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February 01, 2000  |   Comments (0)   |   Post a comment

Newsletters Can Help to Inspire and Retain Drivers

A newsletter that mixes personal glimpses with just-for-fun items and newsworthy events can help to build morale.

by Bonnie MacCartney


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Good transportation supervisors are always on the lookout for ways to recognize and reward good drivers. A newsletter can be a valuable and inexpensive tool for this type of positive reinforcement. Such a project can be spearheaded by a transportation supervisor, time permitting, or a driver with a positive attitude who enjoys writing.

Ask for submissions
Receiving driver input is essential. Before beginning your newsletter, post a flyer asking for submissions. Here are a few ideas for material — jokes, poems, births, stories, interesting vacations, items for sale. Don’t be discouraged if you at first receive nothing. Drivers might want to wait and see what kind of publication you have in mind before they feel comfortable participating. You can still fill up your newsletter with news stories, puzzles, quotes, quizzes, contests, safety tips and perhaps a story about a driver (chosen at random and be sure that they all know this). If your operation is a small one, consider joining forces with other districts in your area. On the front cover you might put the school logos of the districts involved. Have each district give you a list of driver birthdays (excluding year) and do a birthday column for each issue. This way, all of the employees will see their names in the newsletter at least once a year. Call each district a couple of weeks before you go to print and let them know to post the date of the deadline in the drivers’ room. After you have assembled your newsletter, send each district involved a master copy and leave it up to them to make copies for their drivers. This way, the labor (photocopying) and cost (copier paper) is divided among the districts involved. If surrounding districts aren’t initially interested in working with you on the newsletter, start the project yourself and put them on your mailing list. One by one, they will join in.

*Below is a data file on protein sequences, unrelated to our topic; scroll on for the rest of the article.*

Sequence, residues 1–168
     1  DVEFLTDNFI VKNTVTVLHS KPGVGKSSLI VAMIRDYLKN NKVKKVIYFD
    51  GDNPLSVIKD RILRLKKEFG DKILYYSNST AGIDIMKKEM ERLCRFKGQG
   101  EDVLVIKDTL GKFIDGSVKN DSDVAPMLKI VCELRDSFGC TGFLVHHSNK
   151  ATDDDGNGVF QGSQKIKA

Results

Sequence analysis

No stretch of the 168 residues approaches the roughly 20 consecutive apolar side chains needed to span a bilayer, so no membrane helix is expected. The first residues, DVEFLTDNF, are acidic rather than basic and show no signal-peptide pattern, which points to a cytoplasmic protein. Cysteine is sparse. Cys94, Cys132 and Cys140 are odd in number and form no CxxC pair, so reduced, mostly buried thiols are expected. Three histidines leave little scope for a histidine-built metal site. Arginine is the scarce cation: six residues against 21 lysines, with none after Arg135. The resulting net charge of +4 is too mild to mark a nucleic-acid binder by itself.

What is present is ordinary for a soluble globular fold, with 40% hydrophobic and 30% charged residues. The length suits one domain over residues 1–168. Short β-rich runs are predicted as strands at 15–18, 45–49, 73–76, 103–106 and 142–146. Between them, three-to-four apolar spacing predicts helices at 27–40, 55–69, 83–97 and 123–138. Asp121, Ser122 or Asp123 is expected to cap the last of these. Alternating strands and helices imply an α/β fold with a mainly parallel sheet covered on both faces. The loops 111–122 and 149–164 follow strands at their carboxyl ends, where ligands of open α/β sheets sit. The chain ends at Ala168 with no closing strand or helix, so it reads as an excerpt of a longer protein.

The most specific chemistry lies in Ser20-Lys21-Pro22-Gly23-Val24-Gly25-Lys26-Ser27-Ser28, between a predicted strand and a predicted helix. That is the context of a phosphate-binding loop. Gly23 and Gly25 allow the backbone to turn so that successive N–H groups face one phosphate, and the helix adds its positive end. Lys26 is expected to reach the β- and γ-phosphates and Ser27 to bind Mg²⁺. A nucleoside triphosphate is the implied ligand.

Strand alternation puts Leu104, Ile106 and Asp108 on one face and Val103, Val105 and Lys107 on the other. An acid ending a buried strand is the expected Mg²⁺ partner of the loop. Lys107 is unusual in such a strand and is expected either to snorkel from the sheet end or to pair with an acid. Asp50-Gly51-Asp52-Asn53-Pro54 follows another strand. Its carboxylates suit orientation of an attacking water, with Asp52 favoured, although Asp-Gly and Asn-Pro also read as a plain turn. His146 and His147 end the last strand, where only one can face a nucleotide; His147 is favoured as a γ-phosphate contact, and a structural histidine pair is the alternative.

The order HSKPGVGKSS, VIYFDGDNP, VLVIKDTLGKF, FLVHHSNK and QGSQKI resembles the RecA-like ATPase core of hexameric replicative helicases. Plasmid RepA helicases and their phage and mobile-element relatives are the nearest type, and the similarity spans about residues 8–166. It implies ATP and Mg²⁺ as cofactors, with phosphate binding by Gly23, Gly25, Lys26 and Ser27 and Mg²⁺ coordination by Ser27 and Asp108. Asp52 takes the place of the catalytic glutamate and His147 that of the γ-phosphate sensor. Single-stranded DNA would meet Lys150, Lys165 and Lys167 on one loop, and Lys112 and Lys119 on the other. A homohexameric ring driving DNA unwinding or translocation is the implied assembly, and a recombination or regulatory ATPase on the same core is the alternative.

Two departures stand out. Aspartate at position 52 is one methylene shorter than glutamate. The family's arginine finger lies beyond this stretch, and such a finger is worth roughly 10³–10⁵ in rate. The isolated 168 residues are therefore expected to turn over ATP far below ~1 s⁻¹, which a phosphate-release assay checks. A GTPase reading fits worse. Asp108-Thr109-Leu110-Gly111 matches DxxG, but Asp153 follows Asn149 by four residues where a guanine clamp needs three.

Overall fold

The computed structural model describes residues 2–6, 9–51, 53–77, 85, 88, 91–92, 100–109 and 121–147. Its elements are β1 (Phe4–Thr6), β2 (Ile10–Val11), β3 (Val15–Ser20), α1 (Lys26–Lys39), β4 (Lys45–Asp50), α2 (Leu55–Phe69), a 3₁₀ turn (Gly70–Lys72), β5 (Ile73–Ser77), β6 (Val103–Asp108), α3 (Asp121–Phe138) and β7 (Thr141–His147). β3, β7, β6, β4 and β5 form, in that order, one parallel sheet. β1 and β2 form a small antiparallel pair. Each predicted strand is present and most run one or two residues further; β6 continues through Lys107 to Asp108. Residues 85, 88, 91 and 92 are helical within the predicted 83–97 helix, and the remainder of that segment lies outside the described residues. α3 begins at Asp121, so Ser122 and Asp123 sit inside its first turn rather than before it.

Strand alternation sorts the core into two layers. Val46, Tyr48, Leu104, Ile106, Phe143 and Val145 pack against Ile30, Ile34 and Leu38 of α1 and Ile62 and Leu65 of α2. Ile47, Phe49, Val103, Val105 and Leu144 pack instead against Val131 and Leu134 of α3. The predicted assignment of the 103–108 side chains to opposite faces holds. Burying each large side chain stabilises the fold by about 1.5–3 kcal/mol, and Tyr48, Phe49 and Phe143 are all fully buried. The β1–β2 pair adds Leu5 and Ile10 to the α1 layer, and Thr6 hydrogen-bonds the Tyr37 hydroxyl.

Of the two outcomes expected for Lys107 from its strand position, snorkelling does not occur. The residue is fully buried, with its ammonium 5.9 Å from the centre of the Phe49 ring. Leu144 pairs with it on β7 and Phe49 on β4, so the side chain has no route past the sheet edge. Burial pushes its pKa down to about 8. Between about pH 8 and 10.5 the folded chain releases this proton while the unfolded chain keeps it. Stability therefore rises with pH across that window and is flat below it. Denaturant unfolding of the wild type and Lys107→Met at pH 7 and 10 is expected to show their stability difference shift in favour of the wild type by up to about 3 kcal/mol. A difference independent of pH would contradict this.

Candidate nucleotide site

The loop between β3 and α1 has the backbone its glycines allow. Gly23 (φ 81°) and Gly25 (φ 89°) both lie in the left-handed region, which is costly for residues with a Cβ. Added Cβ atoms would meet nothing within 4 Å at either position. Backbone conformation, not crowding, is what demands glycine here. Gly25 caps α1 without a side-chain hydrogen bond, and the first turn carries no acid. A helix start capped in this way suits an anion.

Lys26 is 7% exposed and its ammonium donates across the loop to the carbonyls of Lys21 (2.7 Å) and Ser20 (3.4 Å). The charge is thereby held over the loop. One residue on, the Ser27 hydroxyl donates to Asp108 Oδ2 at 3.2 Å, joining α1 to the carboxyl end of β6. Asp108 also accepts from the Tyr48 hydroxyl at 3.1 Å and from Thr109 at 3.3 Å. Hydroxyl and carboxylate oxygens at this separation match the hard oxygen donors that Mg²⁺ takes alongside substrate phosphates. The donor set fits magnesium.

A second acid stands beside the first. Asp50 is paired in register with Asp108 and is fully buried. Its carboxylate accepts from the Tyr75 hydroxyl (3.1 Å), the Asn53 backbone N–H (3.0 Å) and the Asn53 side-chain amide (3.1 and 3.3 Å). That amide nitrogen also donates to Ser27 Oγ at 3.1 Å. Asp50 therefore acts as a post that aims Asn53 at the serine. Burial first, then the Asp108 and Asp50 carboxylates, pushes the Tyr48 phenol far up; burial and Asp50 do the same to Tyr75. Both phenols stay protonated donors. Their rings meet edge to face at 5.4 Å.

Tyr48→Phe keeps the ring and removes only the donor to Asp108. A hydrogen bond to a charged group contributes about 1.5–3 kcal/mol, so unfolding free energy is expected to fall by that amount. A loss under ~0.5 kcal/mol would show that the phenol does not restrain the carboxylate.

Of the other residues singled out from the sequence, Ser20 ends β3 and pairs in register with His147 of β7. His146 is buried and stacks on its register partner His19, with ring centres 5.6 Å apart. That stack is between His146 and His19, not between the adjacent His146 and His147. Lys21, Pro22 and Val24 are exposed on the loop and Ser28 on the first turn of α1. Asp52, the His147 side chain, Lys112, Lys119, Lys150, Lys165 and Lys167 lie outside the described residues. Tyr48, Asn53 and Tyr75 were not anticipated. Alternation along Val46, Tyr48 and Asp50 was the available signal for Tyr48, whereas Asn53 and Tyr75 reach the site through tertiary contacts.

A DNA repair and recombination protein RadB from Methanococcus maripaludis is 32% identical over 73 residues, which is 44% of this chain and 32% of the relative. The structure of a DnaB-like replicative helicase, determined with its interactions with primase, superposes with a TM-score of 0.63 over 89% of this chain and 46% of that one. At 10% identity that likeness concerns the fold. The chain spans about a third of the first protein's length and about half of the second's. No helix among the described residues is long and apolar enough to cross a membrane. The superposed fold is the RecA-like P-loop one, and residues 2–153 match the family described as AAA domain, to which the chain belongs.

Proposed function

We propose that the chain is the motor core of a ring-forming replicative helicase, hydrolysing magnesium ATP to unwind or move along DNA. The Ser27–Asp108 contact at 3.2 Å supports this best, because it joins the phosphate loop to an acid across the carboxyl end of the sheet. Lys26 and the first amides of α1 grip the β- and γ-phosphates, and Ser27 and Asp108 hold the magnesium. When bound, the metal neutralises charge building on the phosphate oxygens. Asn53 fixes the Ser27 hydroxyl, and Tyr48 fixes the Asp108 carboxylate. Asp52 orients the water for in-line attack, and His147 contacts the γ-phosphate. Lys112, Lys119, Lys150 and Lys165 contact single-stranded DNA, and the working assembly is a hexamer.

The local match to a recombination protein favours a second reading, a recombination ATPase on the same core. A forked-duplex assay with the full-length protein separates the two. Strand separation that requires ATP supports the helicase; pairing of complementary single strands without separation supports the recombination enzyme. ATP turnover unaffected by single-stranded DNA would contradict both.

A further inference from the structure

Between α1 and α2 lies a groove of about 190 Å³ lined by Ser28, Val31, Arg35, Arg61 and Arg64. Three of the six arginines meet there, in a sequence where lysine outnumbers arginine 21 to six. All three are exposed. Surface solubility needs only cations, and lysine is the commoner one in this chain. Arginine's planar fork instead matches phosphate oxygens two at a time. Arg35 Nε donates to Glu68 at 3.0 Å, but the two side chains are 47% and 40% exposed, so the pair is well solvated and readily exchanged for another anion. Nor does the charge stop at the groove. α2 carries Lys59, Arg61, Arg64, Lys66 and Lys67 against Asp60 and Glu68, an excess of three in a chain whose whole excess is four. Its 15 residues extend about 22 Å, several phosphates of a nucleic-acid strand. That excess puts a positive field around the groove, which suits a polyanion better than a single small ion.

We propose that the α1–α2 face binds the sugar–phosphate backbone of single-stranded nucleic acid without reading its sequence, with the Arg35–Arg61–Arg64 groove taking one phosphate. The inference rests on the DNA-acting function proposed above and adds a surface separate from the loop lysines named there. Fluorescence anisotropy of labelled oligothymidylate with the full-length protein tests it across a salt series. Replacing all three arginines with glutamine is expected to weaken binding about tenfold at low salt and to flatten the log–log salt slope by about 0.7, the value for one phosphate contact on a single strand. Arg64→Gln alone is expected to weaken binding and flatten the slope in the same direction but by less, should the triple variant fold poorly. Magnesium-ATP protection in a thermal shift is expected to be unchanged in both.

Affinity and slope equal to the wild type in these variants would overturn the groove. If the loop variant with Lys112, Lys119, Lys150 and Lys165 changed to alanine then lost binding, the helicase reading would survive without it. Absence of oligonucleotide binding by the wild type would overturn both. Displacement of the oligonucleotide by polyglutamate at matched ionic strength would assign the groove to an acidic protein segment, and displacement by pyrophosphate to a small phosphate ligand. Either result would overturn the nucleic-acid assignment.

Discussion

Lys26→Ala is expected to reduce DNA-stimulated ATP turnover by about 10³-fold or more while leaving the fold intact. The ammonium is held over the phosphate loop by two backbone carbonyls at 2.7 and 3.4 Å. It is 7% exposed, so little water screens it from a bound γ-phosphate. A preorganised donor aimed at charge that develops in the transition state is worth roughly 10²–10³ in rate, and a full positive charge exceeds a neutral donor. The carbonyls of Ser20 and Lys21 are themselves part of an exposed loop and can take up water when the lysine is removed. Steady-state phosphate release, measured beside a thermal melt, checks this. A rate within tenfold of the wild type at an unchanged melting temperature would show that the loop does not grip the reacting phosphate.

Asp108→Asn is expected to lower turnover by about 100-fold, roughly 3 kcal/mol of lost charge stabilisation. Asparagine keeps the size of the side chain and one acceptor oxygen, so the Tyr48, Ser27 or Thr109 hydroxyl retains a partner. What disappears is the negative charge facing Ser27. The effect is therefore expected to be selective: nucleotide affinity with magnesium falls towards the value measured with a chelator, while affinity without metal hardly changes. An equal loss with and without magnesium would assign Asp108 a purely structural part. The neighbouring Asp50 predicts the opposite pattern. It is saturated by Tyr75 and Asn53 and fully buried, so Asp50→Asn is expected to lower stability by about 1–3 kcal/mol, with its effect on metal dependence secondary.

Refine the project
When the contributions start pouring in, you will have some tough decisions to make. You may have to screen out certain items, such as distasteful jokes, overly religious material and things of highly controversial or political nature. Limit the length of your newsletter to 10 pages or less (five sheets, printed on both sides). You can use standard-size paper, stapling the pages together in the corner. For a more authentic newsletter look, you can print on larger paper and fold the pages together in the middle. Although some district policy can be included, remember that you want to keep this publication as fun to read as possible. Do not let it turn into another manual of rules. Make it interesting by adding photos or other graphics. Many common computer software programs include hundreds of clipart options, and easy-to-use scanners can be purchased for as little as $100. In looking at the material you have collected, decide how often you will publish your newsletter. Every other month may be the answer if you’re running short on time or contributions. However often you publish, make a commitment to have it out in a timely fashion. Before long, your drivers will be looking forward to receiving and reading their newsletter.

Show it off
Finally, be certain that the superintendent and the building administrators receive copies. A newsletter can enlighten others in the school and perhaps help them appreciate the tough job that the school bus driver has to do. Use this tool to its fullest advantage to give positive reinforcement to your drivers. They come to work every day for the money, but they will go the extra mile for that feeling of being appreciated.

Bonnie MacCartney is a program associate at the Pupil Transportation Safety Institute in Syracuse, N.Y.


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